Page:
Just this past week there was the truck driver (somewhere in China) who backed over a 3 year old who ran up to play in the sand while they loaded the truck. The guy knew the kid was back there somewhere, but it wasn’t his problem to worry about that. Even after killing the kid in front of witnesses he figured he could just drive away.

    In fact this must be happening all the time. Usually no video to document it. If you do get caught, just pay some pittance compensation and go on!

    My ex-wife, a mainland Chinese, once said to me “I don’t have to think about that person, he is not my family” – and it really brought home to me the very limited notion of morality promoted by Confucian ethics – family and sovereign, the rest is gray, easily (and justly in their view) ignored.

    So its not just fear. Fear makes you run your back tires over the kid and drive on. And fear rules those who would like to care, but dare not. But its not fear that caused the accident in the first place. Its “not my problem” indifference. Kids are playing in the street? Its not my problem, and if I do run one over, its not my fault.

    Side note: The irony of socialism in China – the society proclaims itself socialist when there are almost no institutions or programs that are concretely socialist in nature, and very little in the people’s hearts and minds that is socialist (as opposed to nationalist) – is bizarrely matched by the ironic insistence in the US (where I”m living now) that socialism doesn’t exist here and is evil – in spite of a half-way functioning social safety net, which conservatives are systematically trying to destroy. The upper classes of the US are envious of China.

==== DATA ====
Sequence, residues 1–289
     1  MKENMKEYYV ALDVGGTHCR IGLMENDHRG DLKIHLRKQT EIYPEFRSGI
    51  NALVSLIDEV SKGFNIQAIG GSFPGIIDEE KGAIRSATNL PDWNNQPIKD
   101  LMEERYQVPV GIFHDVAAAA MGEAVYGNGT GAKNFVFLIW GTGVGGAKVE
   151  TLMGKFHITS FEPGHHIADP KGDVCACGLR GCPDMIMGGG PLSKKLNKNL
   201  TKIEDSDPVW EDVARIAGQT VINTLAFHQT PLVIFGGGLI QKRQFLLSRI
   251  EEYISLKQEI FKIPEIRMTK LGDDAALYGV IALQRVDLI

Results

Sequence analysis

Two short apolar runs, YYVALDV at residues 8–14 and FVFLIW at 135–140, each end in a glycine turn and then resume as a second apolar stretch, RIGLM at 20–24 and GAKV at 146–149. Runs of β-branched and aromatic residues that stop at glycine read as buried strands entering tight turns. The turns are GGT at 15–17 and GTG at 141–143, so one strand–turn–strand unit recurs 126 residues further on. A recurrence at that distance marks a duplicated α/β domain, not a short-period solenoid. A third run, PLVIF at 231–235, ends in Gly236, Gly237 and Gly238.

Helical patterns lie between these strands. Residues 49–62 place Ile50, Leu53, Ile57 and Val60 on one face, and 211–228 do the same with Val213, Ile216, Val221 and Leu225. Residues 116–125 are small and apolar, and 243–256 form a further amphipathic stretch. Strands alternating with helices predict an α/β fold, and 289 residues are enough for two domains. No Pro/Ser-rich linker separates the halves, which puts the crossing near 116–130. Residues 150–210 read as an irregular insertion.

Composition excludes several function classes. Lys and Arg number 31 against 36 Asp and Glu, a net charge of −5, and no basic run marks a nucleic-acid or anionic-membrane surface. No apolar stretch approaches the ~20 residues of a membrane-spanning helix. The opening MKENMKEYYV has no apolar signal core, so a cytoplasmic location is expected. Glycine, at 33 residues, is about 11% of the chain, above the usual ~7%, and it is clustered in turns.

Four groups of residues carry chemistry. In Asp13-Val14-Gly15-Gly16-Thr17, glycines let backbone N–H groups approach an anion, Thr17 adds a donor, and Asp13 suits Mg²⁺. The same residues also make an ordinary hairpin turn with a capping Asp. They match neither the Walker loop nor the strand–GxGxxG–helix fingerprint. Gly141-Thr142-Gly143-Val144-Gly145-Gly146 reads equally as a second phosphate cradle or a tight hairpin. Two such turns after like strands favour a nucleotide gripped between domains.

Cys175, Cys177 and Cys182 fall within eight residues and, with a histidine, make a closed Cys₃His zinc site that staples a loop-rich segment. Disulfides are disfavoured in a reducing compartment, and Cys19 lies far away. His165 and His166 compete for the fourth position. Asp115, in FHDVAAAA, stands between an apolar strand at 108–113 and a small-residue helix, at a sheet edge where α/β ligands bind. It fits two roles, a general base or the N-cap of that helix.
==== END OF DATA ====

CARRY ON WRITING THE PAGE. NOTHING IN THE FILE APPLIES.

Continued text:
• D Summ

    Finally someone expresses what I have been too wrenched with sadness and horror to do myself. Yes, I agree, the driver, had he only STOPPED MOVING THE GADDAMMED van, perhaps this poor mother would not have to say goodbye to her baby. I have been methodically going over the video in my head almost every minute that I don’t give myself something else to think about. I hate it, but I am assuming that this is how my heart and soul are trying to cope with this atrocity. I keep thinking, if only he hadn’t run his rear-wheel vehicle over her again, she may have survived. But he chose to run, and in that choice, she lost all hope of surviving. His rear tire, and the engine that drives it, slips over and pinches the baby’s middle into oblivion. I don’t think Chen could have known what happened to the toddler. I’m thinking she thought the baby was hurt but just needed someone to sit her up and dry her tears. You can tell by her paniced way of laying the baby back down that she realized the horror of the child’s injuries. And the mother, she could not have known what happened to the baby, either. Sadly, I think any mother would instinctively rush to her child and scoop her into her arms. No, the blame lies solely with the driver. He hit her, he ran her over, and then in his selfishness, he murdered her.

  • What if the first driver never saw the child in the first place?


    Here’s a good way to test your own attention:


    • Dadanada

      The driver confessed to knowing he hit the girl.

      • When? Please share a link. AFAIK, he claims he did not see the girl.

  • Seems a bit rich to say Chen Xianmei is a flawed hero. Without a doubt, the little girl sustained a death-crushing blow once the truck ran over her. The criticism toward Ms Chen’s approach to moving the child toward the curb should be geared toward the driver and how to remedy the growing problem of automobile crimes. Ms Chen did what she could or thought was reasonable, and you conveniently leave out that she tried to find the girl’s parents in the market thereafter, another right thing to do.